AP Course-Corrects

Filed under:Need a Good Editor?,Sad — posted by Anwyn on August 30, 2006 @ 8:22 am

Yesterday I took the AP to task for wrongly implying that the first officer was at the controls of Comair 5191 when it taxied onto the wrong runway.

Today’s AP article corrects the error without reference to the incorrect article:

Polehinke was flying the plane when it crashed, but it was the flight’s captain, Jeffrey Clay, who taxied the aircraft onto the wrong runway, Hersman said. Clay then turned over the controls to Polehinke for takeoff, the investigator said.

Before Hersman’s briefing on Tuesday, the NTSB said Polehinke was flying the plane; it made no mention of Clay being the one who taxied the plane into position.

And people deride Fox News for, they say, taking dictation from press briefings. It sounds like the AP could take a lesson here. I.E. taking the press briefing as delivered, without unconfirmed extraneous assumptions, might be a good thing. They took “Polehinke was flying the plane” and extrapolated into “Polehinke taxied onto the wrong runway” without bothering to get the NTSB to confirm or deny. A mistaken assumption that led to a smear of the surviving pilot.

Today’s article also casts a grim light on the role the tower played in the accident:

The lone traffic controller at Blue Grass Airport cleared a flight for takeoff, then turned his back to handle administrative work.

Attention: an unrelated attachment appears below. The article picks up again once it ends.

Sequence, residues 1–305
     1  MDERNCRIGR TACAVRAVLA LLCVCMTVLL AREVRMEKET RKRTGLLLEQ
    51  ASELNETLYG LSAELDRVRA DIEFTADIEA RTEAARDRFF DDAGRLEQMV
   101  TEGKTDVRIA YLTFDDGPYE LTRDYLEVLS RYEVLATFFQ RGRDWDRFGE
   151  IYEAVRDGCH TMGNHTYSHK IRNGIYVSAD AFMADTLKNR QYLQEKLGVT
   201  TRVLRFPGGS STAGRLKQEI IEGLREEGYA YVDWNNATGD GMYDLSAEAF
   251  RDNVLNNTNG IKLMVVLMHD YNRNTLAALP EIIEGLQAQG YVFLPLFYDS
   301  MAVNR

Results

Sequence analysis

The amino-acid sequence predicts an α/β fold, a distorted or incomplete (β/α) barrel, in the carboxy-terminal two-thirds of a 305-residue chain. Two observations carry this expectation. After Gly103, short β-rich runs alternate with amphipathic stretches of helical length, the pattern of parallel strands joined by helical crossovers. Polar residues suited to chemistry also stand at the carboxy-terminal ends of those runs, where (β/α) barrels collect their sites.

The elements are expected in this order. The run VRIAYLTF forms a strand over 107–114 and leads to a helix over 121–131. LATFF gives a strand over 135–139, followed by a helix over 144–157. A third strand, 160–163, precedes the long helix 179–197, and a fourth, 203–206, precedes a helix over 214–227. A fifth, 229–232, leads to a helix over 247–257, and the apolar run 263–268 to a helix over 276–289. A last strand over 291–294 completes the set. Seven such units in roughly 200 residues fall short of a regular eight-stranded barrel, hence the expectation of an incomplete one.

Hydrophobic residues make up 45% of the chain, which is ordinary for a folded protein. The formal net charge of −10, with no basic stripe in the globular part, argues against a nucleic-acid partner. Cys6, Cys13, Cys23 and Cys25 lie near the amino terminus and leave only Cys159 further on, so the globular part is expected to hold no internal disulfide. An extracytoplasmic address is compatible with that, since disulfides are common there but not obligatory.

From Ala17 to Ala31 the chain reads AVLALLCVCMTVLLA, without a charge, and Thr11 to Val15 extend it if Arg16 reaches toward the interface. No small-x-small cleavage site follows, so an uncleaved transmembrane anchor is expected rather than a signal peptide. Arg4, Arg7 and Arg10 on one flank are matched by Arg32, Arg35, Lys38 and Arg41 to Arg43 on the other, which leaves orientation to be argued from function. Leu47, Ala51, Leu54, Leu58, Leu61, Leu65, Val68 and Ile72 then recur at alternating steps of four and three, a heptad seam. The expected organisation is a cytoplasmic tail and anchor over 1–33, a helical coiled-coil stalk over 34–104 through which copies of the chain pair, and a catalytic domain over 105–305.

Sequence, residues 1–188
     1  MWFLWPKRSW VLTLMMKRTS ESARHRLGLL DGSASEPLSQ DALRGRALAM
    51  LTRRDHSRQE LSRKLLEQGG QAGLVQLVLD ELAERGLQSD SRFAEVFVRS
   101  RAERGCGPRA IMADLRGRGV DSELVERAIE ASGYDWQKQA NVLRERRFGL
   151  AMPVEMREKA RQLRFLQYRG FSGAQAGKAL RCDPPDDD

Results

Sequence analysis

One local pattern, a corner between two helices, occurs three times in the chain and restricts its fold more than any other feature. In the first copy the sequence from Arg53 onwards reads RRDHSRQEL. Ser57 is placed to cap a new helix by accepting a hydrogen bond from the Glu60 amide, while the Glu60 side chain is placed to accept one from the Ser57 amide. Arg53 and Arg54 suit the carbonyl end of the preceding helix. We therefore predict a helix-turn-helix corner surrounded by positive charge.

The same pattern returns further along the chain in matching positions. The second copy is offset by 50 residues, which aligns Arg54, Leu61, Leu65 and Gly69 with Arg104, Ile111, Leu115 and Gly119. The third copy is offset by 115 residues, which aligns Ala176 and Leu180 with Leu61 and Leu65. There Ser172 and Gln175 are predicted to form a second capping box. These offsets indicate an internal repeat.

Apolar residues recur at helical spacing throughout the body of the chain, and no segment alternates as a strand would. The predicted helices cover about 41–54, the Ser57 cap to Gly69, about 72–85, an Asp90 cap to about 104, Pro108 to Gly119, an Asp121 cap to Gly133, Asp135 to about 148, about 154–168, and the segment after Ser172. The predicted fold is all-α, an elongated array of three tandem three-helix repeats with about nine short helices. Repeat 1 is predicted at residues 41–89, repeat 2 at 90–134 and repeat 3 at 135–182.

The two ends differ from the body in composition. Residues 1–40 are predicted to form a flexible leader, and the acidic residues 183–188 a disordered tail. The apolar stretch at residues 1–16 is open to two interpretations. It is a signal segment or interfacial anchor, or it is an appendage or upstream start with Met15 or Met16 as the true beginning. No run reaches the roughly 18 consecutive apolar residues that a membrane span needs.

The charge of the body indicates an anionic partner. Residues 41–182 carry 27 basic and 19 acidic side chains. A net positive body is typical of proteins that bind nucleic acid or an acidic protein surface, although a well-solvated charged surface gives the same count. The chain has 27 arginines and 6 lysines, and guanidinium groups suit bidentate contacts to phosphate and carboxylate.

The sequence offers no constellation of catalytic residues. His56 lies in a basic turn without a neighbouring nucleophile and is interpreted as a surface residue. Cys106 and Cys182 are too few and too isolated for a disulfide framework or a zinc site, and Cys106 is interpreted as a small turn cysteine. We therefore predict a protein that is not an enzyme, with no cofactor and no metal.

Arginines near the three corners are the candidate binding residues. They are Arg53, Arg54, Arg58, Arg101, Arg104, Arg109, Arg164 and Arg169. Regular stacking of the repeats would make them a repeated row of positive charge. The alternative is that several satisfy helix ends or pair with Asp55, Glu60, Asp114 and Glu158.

What the controller didn’t see, a federal investigator said, was the Atlanta-bound jet heading down the wrong runway.

The “lone traffic controller” was in violation of an FAA policy that requires at least two controllers in the tower specifically so that there will be one controller to handle “control tower observations.”

It’s not the first time familiarity has led to slackness has led to deaths. Nobody, from the FAA on down to the pilots, will come out of this without a black mark. I’m glad the AP has recognized its error of yesterday, but yesterday’s story is still out there without clarification or caveat. Speaking of slackness.

Update: CNN specifically mentioned the nosewheel tiller and the fact that Clay taxied the plane. Somebody, either press or NTSB, must’ve cottoned to the fact that Polehinke was getting a worse rap than he deserved–and “deserved” in this case is quite bad enough–because the lead NTSB investigator made sure CNN had these facts:

Hersman said it was the flight’s captain, Jeffrey Clay, who taxied the aircraft into position at the start of the wrong runway. Clay then turned over the controls to the co-pilot, James Polehinke, who was flying the plane when it crashed. Hersman said that was standard procedure since only the captain can reach the tiller used to steer the plane while it’s on the ground.

You don’t say.

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